Eric Smith is on quite a roll.
On Thanksgiving night, he was inserted into the Jets’ starting lineup and responded with a rousing performance as he was a physical presence throughout with eight tackles against the Bengals.
“I feel like I played well. When I had opportunities to make plays, I did,” he said. “I made some tackles and communicated pretty well.”
Just four days after yielding 163 passing yards to Texans QB Matt Schaub in the fourth quarter, the Jets tightened up and, in a dominant performance, limited the Bengals to 163 total yards while sacking Carson Palmer three times and intercepting him twice. Darrelle Revis and Antonio Cromartie got rave reviews for their performances against Terrell Owens (3 catches, 17 yards) and Chad Ochocinco (4-41), but Smitty turned in one of the finest defensive efforts of his five-year career.
“It was a big changeup for us,” Revis said of the lineup change. “We’ve been moving people around back there in the secondary and it’s good they give Eric Smith a chance to come back there and show what he can do. The guy is very smart and gets us in all the checks and everything we need to get into. He’s a clone of Jim Leonhard — two smart safeties back there leading the way.”
“He went out there and he was communicating. That helps out a lot,” added Cromartie. “It makes things a lot easier when everyone is on the same page and it puts things in perspective of where everyone is going to be. Smitty did a great job of that — he was talking, he was being loud and communicating and making tackles in run support. That’s all you can ask for.”
Then two days after the Jets’ ninth win, Michigan State inserted Smith back into its starting lineup. The four-year letterman at MSU, who started 36 times for Sparty during his collegiate career and had four interceptions and reached double figures in tackles 13 times, didn’t have any eligibility remaining but he was asked to address the Spartans before their regular-season finale at Penn State.
“I was just trying to go watch the game. I was trying to find out if I could get tickets to go watch and then found out they wanted me to be an honorary captain,” said Smith. “I was surprised. I was pretty excited to be a part of that, to be around a team that a chance to win the Big Ten championship.”
Entering Happy Valley with a 10-1 record and a 6-1 mark in the conference, the Spartans hadn’t won at Penn State since 1965 and needed a victory to reach a school record in wins (11) and clinch a share of the Big Ten title for the first time since 1990.
“These opportunities don’t come along every day,” said Smith of his message to Mark Dantonio’s team. “You have to win your individual battles and do whatever you can for the team to be successful.”
The speech didn’t go on deaf ears as the Spartans withstood a late Lions rally and claimed a 28-22 win. (It’s a shame that the BCS rankings determine that MSU won’t go to the Rose Bowl, but we’ll postpone our playoff talk for another day.) Sparty was a resourceful group in 2010, using a fake punt in overtime to sneak by Notre Dame and coming back from 17- and 15-point deficits against Northwestern and Purdue along the way.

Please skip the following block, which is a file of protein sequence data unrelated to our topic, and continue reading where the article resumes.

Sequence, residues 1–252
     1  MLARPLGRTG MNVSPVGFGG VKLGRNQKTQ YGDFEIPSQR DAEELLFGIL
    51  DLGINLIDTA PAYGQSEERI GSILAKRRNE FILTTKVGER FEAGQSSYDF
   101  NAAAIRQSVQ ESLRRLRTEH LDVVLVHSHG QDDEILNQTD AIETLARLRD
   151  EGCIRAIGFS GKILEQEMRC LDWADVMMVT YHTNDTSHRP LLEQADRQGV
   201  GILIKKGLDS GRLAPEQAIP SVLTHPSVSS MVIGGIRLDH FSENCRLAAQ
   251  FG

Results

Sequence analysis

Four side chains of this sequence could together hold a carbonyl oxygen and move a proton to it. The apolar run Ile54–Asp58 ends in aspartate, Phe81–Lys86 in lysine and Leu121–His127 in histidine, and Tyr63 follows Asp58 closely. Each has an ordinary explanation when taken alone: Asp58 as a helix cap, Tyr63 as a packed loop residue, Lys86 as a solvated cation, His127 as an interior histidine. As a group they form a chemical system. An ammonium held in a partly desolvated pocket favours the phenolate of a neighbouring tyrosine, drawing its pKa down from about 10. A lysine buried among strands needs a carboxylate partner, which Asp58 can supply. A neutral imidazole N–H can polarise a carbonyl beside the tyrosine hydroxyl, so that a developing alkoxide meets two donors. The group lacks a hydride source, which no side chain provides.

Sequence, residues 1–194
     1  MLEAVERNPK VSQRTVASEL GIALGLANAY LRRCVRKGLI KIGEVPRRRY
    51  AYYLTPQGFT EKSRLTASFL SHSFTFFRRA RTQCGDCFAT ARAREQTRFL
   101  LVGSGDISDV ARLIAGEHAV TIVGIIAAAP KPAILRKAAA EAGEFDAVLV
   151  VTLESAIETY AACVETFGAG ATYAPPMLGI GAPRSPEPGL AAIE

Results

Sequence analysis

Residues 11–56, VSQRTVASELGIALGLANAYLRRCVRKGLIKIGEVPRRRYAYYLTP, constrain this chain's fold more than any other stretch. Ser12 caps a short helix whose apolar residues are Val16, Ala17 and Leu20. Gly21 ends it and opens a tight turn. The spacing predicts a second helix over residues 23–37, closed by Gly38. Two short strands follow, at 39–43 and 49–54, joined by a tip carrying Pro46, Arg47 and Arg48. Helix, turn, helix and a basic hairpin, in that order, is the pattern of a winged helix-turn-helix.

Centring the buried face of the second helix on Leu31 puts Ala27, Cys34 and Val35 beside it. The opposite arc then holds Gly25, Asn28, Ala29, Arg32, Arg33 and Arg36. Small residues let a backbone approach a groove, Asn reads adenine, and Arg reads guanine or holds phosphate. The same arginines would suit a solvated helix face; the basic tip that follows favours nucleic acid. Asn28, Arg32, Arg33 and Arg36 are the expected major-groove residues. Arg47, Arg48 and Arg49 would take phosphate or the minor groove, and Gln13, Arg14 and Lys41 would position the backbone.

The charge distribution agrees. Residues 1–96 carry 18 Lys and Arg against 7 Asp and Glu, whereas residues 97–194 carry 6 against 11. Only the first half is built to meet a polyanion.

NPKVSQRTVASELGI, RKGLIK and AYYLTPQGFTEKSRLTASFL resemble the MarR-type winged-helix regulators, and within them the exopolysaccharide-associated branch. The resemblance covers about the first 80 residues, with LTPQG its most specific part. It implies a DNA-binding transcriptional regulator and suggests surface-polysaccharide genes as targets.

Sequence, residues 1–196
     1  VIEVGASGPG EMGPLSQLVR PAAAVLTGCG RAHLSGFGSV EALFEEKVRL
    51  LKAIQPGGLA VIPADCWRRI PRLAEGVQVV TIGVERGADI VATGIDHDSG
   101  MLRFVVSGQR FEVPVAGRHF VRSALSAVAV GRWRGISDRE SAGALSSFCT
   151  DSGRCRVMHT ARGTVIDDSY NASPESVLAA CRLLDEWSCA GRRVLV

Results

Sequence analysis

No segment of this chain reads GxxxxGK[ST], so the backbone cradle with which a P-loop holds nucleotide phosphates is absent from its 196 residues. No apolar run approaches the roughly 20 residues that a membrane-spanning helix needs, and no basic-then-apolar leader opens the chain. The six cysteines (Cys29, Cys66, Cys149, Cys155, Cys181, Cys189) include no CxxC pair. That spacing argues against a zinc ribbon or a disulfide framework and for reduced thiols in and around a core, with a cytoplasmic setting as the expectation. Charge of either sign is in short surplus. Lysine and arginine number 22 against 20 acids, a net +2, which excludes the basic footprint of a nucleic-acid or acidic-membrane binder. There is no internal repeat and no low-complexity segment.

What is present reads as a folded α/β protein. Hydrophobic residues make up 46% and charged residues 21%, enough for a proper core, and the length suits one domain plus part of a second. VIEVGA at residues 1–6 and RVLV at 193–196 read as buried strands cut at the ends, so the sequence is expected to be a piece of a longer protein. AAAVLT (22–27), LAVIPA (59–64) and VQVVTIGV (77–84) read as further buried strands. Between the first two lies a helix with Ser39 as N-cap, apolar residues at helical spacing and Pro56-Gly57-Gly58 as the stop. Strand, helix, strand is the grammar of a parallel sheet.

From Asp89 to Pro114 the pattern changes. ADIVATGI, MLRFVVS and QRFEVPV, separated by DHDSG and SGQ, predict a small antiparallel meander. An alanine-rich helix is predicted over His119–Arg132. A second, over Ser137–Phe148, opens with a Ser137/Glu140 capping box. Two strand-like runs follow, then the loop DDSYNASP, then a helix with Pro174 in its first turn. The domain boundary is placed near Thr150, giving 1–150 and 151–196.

“It was great seeing all those victories, but during the year I thought I was going to have a heart attack,” said Smith, a third-round pick of the Jets in 2006. “They showed a lot of mental toughness and resiliency to hang on and come back and take the lead at the end.”
Sounds just like the club Smith is playing for now. The Jets’ defensive backs will be challenged early and often Monday night by a New England team that has a two-headed rookie monster at tight end with Aaron Hernandez (36-462-3 TDs) and Rob Gronkowski (25-310-6), who have combined for 61 catches and nine TDs.
“Both of them have the ability to go up and get the ball,” Smith said. “Hernandez is pretty much like a receiver, runs well and runs good routes. He creates a lot of tough matchups because you don’t really want to put a linebacker on him — he’s going to run by them. And if you put a corner on him, he’s bigger [6’1”, 245] than them. And then the other guy, Gronkowski, is so big [6’6”, 265], he’ll go up and get the ball and he’s a big threat in the red zone.”
The Patriots also have a decent ground game as both BenJarvus Green-Ellis (4.3-yard average, nine rush TDs) and Danny Woodhead (5.4-yard average) have been effective. Woodhead also has become a reliable target for Brady as he’s averaged 9.4 yards on his 24 receptions.
“We knew how good Danny was. He just really didn’t have the opportunity to play here,” Smith said. “I know a lot of the guys on the defense like me would say ‘I’m glad he is on my team’ when he was here and now we have to play against him.”
With 66 regular-season games under his belt, Smith rides a big wave of momentum into the most significant non-playoff contest of his career.
“I think it’s the biggest because of everything that has been riding on this game. If we can get this victory and have control of the AFC East, it would be huge for us,” he said. “It could be the difference between a bye in the first round or being a five seed.”
Tags: Aaron Hernandez. New England Patriots, Antonio Cromartie, Darrelle Revis, Eric Smith, Jim Leonhard, Mark Dantonio, Michigan State, Rob Gronkowski
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